Power Strip's a Penetration Testing Tool in Disguise
Jul 24, 2012 5:00 AM PT
Advanced penetration testing product maker Pwnie Express has unveiled a new tester that looks just like a power strip.
The Power Pwn is a fully integrated enterprise-class device that can be used over Ethernet, wireless or Bluetooth connections.
It is priced at US$1,300 and is currently available for pre-order.
The Power Pwn "is similar to a 1.2 GHz ARM-based processor running Linux," M. Anthony Hughes, customer development manager, told LinuxInsider. It runs well-known open source tools including MetaSploit.
Pwnie Express is funded by DARPA, but Hughes declined to disclose further details of its funding because it's a private company.
My Little Pwnie
The Power Pwn has fully functional 120/240v AC sockets. It comes with 16 GB of internal disk storage and onboard dual-Ethernet ports. It can be used with high-gain 802.11b/g/n wireless services or with high-gain Bluetooth, the latter at a range of up to 1,000 feet.
It also has a fully automated NAC/802.1x RADIUS bypass; out-of-band SSH access over 3G and GSM cell networks; and an unlocked external 3G/ GSM adapter. The 3G/GSM adapter is compatible with SIM cards from AT&T, Vodafone, Orange and GSM carriers in more than 160 countries.
The Power Pwn maintains persistent, covert, encrypted SSN access to target networks.
It tunnels through application-aware firewalls and intrusion-prevention systems. It supports HTTP proxies and SSH-VPN. It is said to be unpingable, and it has no listening ports in stealth mode.
The Power Pwn comes preloaded with Debian 6, Metasploit, SET, Fast-Track, Aircrack and other tools.
"The tools on it are all open source, well known tools," Pwnie Express' Hughes said.
The Power Pwn has a graphical user interface (GUI) that's used to configure it to a qualified domain name or a public IP address on a receiver station, either over Ethernet or wireless or 3G. It can be managed over the UI or through a command line, Hughes said.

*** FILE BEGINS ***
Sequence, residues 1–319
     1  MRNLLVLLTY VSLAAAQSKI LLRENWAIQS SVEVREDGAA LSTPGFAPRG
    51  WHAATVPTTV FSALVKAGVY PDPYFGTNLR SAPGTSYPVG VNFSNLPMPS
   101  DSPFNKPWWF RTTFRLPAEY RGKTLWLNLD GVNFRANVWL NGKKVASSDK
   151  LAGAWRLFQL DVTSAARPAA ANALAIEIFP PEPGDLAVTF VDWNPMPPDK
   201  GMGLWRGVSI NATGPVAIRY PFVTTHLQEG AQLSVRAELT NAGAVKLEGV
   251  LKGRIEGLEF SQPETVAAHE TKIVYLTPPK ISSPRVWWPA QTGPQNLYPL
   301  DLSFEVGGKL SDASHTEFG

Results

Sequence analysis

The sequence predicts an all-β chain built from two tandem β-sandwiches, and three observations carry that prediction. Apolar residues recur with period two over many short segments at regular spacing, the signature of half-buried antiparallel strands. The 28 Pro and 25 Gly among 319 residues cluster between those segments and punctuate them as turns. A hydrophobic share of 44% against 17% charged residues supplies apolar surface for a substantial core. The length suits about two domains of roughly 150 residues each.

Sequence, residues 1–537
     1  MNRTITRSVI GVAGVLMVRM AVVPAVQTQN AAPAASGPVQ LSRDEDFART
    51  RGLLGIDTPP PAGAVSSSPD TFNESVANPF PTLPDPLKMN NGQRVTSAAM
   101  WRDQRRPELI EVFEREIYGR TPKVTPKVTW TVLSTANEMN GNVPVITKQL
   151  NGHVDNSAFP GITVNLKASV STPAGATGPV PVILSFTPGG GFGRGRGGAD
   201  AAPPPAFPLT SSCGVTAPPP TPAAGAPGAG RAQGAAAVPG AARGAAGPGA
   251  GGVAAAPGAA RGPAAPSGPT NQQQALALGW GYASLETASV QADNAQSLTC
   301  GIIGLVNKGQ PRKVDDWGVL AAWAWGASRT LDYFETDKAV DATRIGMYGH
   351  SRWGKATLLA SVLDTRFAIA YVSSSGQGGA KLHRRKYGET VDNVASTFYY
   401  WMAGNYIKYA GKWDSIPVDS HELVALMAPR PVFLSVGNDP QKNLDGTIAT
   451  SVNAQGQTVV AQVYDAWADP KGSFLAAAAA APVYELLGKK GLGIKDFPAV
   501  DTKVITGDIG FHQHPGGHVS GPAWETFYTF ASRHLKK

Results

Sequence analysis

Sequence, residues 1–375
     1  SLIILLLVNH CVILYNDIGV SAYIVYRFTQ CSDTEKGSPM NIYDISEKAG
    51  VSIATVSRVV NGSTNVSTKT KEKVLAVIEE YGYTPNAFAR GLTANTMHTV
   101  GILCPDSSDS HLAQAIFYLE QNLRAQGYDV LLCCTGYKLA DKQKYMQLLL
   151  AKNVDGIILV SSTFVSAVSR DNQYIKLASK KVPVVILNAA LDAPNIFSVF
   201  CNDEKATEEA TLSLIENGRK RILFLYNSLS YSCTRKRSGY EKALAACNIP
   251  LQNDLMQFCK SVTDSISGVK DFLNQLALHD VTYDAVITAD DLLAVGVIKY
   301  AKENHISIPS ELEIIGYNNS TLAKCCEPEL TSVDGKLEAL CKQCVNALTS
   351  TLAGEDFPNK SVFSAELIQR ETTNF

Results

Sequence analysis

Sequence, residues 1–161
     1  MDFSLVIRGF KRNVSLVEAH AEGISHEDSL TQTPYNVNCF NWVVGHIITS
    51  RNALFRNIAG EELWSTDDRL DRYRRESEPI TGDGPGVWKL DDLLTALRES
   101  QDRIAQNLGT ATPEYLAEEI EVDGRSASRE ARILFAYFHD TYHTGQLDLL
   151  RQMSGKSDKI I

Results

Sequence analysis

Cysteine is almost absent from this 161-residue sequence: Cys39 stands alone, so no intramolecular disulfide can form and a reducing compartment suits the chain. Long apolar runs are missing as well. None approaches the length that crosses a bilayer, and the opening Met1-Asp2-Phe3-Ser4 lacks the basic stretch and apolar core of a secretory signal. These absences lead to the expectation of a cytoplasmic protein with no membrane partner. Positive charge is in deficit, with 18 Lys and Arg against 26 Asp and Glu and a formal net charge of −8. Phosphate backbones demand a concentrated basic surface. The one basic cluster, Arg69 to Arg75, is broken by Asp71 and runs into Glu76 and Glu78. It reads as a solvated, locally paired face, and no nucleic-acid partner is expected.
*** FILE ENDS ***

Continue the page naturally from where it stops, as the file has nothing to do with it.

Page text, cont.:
A Double-Edged Sword
Once the Power Pwn is deployed, if it engages network access control and runs in stealth mode, it is essentially undetectable, "but we would hope that people would be able to walk around, look around, and question things in the environment," said Hughes. User education is key.
That difficulty of detection makes the Power Pwn a two-edged sword and has raised fears about its being a useful tool for hackers.
"It is a tool meant for legitimate pen testers, obviously," Bob Walder, chief research officer at NSS Labs, told LinuxInsider. But if it's surreptitiously installed for malicious purposes, it "could provide access to the corporate network from outside the building."
"The comment about the product getting in the wrong hands or someone using it for malicious purposes is something we hear a lot," Hughes sighed.
On the other hand, "virtually any technology that can be used for good can be used for bad," Randy Abrams, research director at NSS Labs, pointed out. "The device is not the threat -- the existing vulnerabilities are the threat."
Tracking the Pwnie
While clever installation will minimize the risk that the Power Pwn will be discovered, it's not quite invisible, NSS Labs' Walder said. "Good monitoring or SIEM tools will provide an indication that something bad's happening on the corporate network and allow detection or blocking or remediation of its actions."
At the very least, "a high-gain Bluetooth signal will stick out like a sore thumb if you monitor for such things," NSS Labs' Abrams told LinuxInsider.
Still, if the use of the tool should become widespread, "companies would theoretically be able to identify and plug vulnerabilities," Abrams said. "This would make the hacker's job more difficult, but not impossible. Security is risk management, not risk elimination."